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Linda Stout's retirement and new CERT President

Linda Stout (right) retired end of December 2019 after decades serving CERT and our community


As many of you already know, Linda Stout, who founded and led Bodega Bay CERT for many years has retired. We are all so grateful for the foundation that she created and grew over the years and will miss her dearly.


The best way to introduce Patty is with this article by Mary Callahan, printed in THE PRESS DEMOCRAT on July 19, 2019.

The steady glare of headlights in the early morning hours of Oct. 9, 2017 was the first sign of what lay ahead for the coastal village of Bodega Bay, as hundreds of people fleeing wildfires sought safe harbor on the Sonoma Coast.

Over the days that followed, some 3,000 refugees struggled to find their footing amid the chaos and fear of the firestorm, most arriving on the coast empty-handed and in desperate need of basics like food, clothing and a place to lay their heads.

Into the void stepped Patty Ginochio, whose home sits on the slope above Highway 1 and Schoolhouse Beach, affording a view of the pre-dawn procession into town and firsthand recognition of the exigency of the situation.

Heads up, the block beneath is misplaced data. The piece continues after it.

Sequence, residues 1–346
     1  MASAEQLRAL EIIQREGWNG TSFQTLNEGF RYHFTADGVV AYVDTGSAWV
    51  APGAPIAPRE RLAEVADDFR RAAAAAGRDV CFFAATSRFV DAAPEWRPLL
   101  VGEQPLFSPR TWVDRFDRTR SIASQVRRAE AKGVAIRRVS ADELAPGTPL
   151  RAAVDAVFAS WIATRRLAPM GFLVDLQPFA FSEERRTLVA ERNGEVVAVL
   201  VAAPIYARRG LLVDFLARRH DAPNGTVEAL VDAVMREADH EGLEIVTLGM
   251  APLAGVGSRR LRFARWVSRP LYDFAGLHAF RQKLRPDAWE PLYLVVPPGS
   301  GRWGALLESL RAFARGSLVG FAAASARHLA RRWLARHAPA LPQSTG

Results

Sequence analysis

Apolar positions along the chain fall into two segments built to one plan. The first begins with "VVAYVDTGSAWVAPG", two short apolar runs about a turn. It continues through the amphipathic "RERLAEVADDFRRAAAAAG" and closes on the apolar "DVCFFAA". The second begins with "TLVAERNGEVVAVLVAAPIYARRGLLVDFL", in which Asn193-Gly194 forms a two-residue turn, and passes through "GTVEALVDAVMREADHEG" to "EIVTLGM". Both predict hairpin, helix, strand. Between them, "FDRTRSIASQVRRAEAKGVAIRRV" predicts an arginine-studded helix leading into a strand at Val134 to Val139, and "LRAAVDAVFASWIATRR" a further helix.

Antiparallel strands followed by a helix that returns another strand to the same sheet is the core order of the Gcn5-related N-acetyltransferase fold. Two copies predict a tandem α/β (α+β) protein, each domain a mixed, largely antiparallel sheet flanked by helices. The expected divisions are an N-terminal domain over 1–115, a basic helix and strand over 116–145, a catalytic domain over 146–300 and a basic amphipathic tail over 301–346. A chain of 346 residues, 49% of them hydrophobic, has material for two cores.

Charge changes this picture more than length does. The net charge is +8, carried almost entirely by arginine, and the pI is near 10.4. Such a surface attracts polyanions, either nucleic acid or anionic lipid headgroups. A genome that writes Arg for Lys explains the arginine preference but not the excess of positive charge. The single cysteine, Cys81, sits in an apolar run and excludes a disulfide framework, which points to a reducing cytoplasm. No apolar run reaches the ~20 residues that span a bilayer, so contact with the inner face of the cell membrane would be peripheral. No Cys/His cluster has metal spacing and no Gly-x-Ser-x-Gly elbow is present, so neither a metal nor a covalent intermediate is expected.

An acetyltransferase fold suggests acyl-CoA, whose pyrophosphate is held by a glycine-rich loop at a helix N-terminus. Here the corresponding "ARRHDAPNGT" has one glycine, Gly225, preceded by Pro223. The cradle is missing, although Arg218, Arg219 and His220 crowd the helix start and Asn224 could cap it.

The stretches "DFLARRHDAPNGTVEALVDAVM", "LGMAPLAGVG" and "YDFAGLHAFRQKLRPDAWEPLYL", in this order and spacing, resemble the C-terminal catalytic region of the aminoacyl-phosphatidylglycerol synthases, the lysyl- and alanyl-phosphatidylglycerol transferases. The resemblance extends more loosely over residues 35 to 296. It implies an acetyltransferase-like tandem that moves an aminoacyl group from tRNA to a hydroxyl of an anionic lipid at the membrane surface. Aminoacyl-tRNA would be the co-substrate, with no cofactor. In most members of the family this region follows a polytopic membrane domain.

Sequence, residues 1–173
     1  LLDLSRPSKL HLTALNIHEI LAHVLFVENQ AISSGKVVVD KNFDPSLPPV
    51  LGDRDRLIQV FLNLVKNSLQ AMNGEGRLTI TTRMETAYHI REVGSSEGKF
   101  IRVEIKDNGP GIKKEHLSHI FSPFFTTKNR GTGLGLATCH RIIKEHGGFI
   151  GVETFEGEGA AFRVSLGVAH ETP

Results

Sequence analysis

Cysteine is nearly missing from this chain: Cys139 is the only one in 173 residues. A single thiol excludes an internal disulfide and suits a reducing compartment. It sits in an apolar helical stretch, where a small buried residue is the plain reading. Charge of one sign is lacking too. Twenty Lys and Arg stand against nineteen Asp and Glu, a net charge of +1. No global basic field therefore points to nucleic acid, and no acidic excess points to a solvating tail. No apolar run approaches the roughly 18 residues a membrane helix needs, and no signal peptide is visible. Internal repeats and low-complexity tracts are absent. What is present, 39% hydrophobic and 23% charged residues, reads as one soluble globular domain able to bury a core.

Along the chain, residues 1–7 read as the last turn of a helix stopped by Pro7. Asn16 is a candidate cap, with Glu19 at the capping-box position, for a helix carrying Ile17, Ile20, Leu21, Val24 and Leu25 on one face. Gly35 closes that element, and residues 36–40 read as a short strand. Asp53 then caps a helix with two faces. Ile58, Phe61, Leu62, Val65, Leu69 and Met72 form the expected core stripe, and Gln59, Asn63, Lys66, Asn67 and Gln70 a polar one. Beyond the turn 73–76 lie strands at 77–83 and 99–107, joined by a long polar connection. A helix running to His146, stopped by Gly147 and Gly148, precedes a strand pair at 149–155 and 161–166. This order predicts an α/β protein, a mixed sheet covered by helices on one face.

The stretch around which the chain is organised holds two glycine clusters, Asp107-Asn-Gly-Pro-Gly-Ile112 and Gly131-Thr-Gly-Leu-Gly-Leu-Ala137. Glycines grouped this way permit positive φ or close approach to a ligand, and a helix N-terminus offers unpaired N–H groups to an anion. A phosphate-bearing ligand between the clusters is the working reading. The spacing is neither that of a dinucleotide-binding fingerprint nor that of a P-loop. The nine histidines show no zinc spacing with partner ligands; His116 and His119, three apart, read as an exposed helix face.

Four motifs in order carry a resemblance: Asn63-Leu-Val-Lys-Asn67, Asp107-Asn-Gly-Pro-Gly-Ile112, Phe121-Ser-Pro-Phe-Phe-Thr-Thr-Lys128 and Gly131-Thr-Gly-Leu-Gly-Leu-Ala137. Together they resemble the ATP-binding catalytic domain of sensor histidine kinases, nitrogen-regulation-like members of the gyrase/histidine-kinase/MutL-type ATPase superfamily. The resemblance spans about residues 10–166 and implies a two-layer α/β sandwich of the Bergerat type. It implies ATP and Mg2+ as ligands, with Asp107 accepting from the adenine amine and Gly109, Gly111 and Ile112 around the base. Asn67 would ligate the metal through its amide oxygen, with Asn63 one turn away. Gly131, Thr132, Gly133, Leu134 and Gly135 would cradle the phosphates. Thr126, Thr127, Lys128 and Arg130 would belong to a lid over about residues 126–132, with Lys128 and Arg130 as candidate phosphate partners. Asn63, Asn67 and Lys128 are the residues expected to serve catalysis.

Vehicles were squeezed into every parking lot and turnout along the coast, parked haphazardly halfway off the roads, their occupants dazed, some clad in pajamas, all aimless and uncertain about what to do next.

Within hours, Ginochio’s Kitchen, a small family-run, harbor-front restaurant, was “jam-packed full of refugees” getting breakfast plates, hot drinks and doses of news about the region’s fires on the kitchen television.

Ginochio, 59, would soon find herself leading a larger community relief effort with comrades-in-arms from around Bodega Bay, centered at the local grange and kick-started by funds raised just weeks earlier for a newly minted nonprofit called the Waves of Compassion Foundation, created to host a local twice-a-month food bank.

Ginochio, a founding director, also is a founding member of the local Community Emergency Response Team and deployed the mobile Red Cross shelter stationed in town for the wildfire refugees, arranging for additional cots and blankets and helping to mobilize an impressive supply drive.

A massive food-delivery system was put together through the Ceres Project in Sebastopol and Blue Water Bistro in Bodega Harbour to serve evacuees placed in campgrounds and resorts around the area.

It was an all-hands-on-deck operation, but one in which Ginochio played a critical, coordinating role, taking advantage of her community network and utilizing skills honed over a decades long professional career in global relocation services.

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